There’s nothing as brain torturing here as Zelda’s grandest interlocking conundrums, and I was rarely unsure what to do for more than a few seconds. But that’s in part because Eastward is never needlessly fussy or obtuse. There’s a tidy clarity to layouts, and the reactions of the objects and scenery within. Any challenge comes from execution – whacking bombs across gaps with the pan, or timing individual interventions from Sam and John to make multiple pieces fall in place at once.

The problem is that as the game progresses the action becomes more thinly interspersed, and what sits between is far less engaging. There are only a handful of settlements in Eastward, each packed with bright characters, and each with a few hostile areas spoking off them that you’ll explore when the plot decrees. But, ultimately, you spend much more time hanging around conversing than off adventuring, and no matter how lovely the neighbours are, it becomes a drag.

Eastward
Eastward. Credit: Pixpil

As with many 90s JRPGs, Eastward flicks between a solemn main story arc about the fate of humanity, and incidental side plots or irreverent distractions. Yet on that count I don’t think it builds on the past so much as misinterprets it, expanding and overwriting elements that used to appeal with their brevity. What would once have been short skits mutate into great chunks of pantomime, piling in characters there’s no reason to care about. The sheer quantity of dialogue is impressive, but that blessing becomes a curse as the intrusions of dozens of personalities shove you from the main breadcrumb trail until you can’t recall what was going on, often without leading to satisfying conclusions of their own.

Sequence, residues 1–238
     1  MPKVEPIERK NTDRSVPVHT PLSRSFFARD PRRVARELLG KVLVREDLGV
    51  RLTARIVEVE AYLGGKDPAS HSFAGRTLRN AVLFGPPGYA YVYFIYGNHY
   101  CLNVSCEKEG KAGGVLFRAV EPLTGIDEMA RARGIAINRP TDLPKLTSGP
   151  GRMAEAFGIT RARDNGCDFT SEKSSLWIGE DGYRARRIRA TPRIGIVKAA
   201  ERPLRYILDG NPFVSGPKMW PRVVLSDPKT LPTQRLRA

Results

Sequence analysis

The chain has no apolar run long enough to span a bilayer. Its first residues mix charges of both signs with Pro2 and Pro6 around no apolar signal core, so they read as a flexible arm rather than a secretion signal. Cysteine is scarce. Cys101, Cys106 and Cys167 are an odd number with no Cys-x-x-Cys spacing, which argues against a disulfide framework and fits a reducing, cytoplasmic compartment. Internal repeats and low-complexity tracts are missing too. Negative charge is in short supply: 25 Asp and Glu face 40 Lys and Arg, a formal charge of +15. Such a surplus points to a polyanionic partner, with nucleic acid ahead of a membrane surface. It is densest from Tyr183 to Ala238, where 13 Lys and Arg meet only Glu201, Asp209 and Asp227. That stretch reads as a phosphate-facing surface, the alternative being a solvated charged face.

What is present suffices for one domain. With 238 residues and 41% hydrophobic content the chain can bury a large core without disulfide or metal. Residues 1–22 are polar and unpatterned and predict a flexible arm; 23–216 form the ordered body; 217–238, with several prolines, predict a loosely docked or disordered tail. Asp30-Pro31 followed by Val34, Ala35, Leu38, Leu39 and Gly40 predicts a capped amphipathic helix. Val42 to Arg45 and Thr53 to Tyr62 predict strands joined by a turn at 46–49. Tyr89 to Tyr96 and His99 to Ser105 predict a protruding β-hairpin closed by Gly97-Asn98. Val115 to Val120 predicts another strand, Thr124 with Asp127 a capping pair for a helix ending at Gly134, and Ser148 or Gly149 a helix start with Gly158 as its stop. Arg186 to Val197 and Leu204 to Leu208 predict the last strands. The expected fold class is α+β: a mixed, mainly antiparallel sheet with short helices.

With a scatty and grandiose script, many of the minor emotional payoffs Eastward aims for aren’t well earned, and much of its humour is simply corny. Yes, it’s exactly the sort of thing those older games got away with, but in short bursts. Here it sends dialogue on winding detours to gamble players’ patience on idiotic comic relief characters and dated risqué allusions. I often felt the urge to shout “Get on with it!”

Perhaps if there was more to actually do in these sequences the pacing would feel more generous. But there really isn’t much, aside from a few mini-game interludes – certainly no puzzles or investigations to get stuck into. Mostly, it’s a case of traipsing around, finding different people to talk to. And with that comes some egregious padding, sending you across town to find something or someone, only to be told they’re back where you started.

Eastward is a very good 12-15-hour experience bouncing around inside a 20-hour plus slog. That may not sound like too much slack, but it’s enough to deaden the momentum on the whole. It’s doubly frustrating because I adore some aspects of the game. Every location drips with painstaking artistry, and the dungeons – comforting respites from the bore of civilisation – only get more enjoyable as they increase in danger and complexity. Eastward is a beautiful journey with two great travel companions, which can’t stop interrupting itself.

Eastward is releasing on PC and Switch on 16th September. We tested the PC version.

The Verdict

In many ways, Eastward is the perfect evolution of 90s JRPGs, with its gorgeous artwork, endearing protagonists and well-designed dungeons that offer a satisfying blend of combat and puzzles. But it goes overboard with its story, packing in uninspired characters and giving them too much screen time. It’s a lot to sit through to get to the good bits.

Pros

  • The pixel art expertly blends nostalgia with modern detail
  • John and Sam are a great pair of main characters
  • Combat and puzzles are both neatly executed

Cons

  • Too many characters and storylines slow the pace right down
  • The dialogue feels overwritten